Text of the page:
The Latin versions have the singular “ejus,” and so both Syriac. In the latter the gender would be indicated only by a point. The Pesh. is pointed inconsistently, making Nympha feminine (Numphē) and the suffix (corresponding to αὐτοῦ or αὐτῆς) masculine. The Harclean, again, has the suffix feminine in the text, masculine in the margin. How the translator intended the proper name to be taken is uncertain; it may be either masc. or fem. Lightfoot thinks probably the latter. The Greek name is accented as feminine (Νύμφαν) in Bc and Euthalius (cod. Tisch.).

Νύμφαν as a feminine name would be Doric, and the occurrence of such a form here is highly improbable. αὐτῆς, then, is probably a correction suggested by this misunderstanding of Νύμφαν. But it seems more probable that the scribe who made the correction had αὐτοῦ before him than αὐτῶν. αὐτῶν, again, might readily have been suggested to the mind of a copyist by his recollection of Romans 16:5 and 1 Corinthians 16:19 assisted by the occurrence of�


αὐτῆς is adopted by Lachmann, Tregelles (margin), WH., v. Soden, Weiss. Νύμφαν being accentuated accordingly.


αὐτῶν, by Tischendorf, Alford, Meyer, Tregelles (text).

αὐτοῦ, by De Wette (who designates αὐτῶν “false and unmeaning”), Ellicott.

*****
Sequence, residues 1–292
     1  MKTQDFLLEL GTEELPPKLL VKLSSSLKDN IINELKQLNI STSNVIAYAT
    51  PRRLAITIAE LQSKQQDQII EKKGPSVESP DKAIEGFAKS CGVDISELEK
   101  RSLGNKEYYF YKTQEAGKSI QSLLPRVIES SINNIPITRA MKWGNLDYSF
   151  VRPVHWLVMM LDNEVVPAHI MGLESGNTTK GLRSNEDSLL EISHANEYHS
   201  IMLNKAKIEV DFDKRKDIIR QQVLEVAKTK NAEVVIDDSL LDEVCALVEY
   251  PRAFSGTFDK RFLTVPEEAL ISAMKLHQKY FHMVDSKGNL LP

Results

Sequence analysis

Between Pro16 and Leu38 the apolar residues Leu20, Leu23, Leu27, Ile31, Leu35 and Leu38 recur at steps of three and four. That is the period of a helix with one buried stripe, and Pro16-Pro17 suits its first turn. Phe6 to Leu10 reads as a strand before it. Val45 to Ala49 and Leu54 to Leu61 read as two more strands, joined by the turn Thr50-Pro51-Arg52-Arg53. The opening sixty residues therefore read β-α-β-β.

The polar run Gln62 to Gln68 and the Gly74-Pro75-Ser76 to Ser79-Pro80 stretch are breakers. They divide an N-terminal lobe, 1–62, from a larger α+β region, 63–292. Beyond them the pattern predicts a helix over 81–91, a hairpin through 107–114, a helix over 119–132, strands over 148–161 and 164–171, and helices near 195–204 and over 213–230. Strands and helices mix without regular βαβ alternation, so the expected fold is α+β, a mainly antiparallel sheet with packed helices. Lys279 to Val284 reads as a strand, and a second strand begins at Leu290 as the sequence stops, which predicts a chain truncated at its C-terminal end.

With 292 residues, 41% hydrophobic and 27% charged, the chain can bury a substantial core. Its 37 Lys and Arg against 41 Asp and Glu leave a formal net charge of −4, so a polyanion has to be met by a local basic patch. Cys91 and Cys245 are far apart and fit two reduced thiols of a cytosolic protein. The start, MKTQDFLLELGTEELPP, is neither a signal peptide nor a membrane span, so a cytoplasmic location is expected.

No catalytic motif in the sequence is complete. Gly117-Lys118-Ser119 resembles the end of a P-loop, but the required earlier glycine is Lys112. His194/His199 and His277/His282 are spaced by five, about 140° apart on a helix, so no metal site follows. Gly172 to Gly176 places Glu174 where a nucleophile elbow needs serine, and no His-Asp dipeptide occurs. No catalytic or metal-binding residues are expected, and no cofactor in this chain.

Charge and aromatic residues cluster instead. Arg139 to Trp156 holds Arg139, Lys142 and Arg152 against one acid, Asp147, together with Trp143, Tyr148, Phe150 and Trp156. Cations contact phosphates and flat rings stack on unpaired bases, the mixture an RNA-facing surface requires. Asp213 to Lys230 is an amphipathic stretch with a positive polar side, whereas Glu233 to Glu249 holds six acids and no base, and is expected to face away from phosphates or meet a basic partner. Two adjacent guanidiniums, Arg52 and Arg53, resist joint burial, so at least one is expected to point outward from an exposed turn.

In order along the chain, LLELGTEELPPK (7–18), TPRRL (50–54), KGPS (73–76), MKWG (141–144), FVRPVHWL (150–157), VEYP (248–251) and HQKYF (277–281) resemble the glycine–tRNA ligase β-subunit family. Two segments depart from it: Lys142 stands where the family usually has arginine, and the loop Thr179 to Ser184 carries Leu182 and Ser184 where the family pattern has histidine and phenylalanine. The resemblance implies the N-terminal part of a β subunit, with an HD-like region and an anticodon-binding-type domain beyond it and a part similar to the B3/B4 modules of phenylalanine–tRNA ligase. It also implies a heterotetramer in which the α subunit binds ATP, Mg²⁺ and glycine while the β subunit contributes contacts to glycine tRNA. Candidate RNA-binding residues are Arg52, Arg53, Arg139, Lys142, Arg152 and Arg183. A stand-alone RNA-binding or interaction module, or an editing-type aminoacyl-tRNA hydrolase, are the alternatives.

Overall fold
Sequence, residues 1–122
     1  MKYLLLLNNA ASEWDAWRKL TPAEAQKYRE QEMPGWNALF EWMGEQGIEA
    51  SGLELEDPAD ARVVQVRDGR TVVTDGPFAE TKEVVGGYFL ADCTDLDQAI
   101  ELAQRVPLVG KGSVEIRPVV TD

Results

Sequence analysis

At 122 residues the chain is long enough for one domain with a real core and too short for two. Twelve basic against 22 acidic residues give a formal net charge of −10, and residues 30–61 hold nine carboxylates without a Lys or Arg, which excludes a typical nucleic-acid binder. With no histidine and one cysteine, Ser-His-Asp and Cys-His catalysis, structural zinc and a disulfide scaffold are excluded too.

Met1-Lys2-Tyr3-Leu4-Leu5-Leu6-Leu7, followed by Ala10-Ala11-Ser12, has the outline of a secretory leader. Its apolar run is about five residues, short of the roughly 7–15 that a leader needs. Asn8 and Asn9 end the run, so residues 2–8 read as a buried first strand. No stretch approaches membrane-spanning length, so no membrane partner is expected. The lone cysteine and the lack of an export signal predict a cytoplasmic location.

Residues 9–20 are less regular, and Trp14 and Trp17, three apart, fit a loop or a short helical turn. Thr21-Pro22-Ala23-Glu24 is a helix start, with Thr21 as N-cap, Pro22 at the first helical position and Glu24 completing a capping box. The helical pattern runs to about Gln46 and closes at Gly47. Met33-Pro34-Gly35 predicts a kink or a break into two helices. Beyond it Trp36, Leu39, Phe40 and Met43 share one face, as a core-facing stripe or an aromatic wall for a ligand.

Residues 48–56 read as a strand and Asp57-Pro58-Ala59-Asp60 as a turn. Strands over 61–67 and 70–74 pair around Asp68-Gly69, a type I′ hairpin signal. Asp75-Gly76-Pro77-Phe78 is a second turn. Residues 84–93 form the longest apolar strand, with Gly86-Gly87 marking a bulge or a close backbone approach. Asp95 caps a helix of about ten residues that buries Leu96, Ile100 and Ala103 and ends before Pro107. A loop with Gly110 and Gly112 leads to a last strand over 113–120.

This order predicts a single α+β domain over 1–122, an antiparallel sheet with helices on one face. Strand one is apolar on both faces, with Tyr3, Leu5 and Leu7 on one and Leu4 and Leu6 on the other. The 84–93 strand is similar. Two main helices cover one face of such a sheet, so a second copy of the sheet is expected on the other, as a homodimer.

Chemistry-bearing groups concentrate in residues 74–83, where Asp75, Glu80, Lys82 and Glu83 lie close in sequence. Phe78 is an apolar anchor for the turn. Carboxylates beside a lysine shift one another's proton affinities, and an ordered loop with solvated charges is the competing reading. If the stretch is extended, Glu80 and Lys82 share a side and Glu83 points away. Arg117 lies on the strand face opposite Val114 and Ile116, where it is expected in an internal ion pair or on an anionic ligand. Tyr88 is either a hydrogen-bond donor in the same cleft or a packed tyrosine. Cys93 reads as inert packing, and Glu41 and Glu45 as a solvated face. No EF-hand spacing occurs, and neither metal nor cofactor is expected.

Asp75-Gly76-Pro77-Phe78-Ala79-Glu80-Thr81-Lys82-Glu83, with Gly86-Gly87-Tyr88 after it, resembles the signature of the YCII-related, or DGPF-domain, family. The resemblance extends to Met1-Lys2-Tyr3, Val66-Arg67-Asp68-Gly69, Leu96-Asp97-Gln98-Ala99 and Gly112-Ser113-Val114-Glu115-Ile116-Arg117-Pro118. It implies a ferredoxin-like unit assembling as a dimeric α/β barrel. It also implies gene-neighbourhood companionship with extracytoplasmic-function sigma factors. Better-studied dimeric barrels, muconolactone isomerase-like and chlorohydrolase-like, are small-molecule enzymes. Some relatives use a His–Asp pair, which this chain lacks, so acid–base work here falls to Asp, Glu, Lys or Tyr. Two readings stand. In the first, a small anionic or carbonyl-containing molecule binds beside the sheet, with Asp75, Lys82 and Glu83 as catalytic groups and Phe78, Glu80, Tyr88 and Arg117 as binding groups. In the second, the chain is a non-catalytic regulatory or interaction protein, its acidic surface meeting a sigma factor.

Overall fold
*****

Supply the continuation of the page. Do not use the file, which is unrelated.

16. καὶ ὅταν�. Obviously the present Epistle, as Romans 16:22, Τέρτιος ὁ γράψας τὴν ἐπιστολήν: 1 Thessalonians 5:27,�2 Thessalonians 3:14, διὰ τῆς ἐπιστολῆς, these latter verses being of the nature of a postscript.

ποιήσατε ἵνα. Cf. John 11:37. ποιεῖν, in the sense “take care,” is sometimes followed by ὅπως, as in Herod. i. 8, ποίεε ὅκως ἐκείνην θεήσεαι γυμνήν: ib. 209, ποίεε ὅκως ἐπεάν … ὥς μοι καταστήσῃς τὸν παῖδα. So with ὡς, Xen. Cyrop. vi. 3. 18.

ἵνα καὶ ἐν τῇ Λαοδικέων ἐκκλησίᾳ�. See the similar direction 1 Thessalonians 5:27,�2 Corinthians 1:1, which implies the sending of copies to neighbouring Churches.

καὶ τὴν ἐκ Λαοδικείας. Chrysostom says that some understood this of a letter written from Laodicea to St. Paul. The SyriacPesh. also renders “written from L.”; and so Theodore Mops., Theodoret, and many others, including Beza, a Lapide, Estius, and some recent commentators. But why should St. Paul direct the Colossians to get from Laodicea the letter written to him, of which he could not assume even that the Laodiceans had retained a copy? and how would the letter of the Laodiceans edify the Colossians? Moreover, καὶ ὑμεῖς obviously implies that the Laodiceans were the receivers of the letter. Theophylact supposes the first Epistle to Timothy to be meant, which, according to the subscription, was written from Laodicea. This subscription, indeed, probably owes its origin to the theory, which was earlier than Theophylact, and appears in the margin of the Philoxenian Syriac. Other Epistles of St. Paul have been similarly said in some of the Versions to be “written from Laodicea” (see Lightfoot). It is fatal to all such hypotheses that St. Paul had not been at Laodicea before this time (2:1), and, even had he been there, had now been some time in prison, and therefore could not have written any letter recently from Laodicea.